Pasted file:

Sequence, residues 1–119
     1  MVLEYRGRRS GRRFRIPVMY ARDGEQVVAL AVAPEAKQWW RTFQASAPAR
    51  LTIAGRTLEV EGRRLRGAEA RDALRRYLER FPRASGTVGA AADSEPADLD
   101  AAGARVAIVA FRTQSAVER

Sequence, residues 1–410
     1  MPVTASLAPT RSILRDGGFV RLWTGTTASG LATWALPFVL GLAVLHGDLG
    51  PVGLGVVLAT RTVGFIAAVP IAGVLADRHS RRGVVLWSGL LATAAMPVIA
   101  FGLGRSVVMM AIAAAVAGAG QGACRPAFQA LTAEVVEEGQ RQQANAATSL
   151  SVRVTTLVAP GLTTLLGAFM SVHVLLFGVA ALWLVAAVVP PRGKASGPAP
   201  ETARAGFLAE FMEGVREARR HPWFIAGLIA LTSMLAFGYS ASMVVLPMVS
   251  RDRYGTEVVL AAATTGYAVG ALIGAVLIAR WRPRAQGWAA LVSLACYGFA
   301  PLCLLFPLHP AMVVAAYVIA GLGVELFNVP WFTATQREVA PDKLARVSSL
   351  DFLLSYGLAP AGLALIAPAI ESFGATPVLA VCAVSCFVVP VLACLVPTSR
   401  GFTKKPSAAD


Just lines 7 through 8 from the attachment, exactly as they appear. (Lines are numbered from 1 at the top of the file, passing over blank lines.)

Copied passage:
    51  PVGLGVVLAT RTVGFIAAVP IAGVLADRHS RRGVVLWSGL LATAAMPVIA
   101  FGLGRSVVMM AIAAAVAGAG QGACRPAFQA LTAEVVEEGQ RQQANAATSL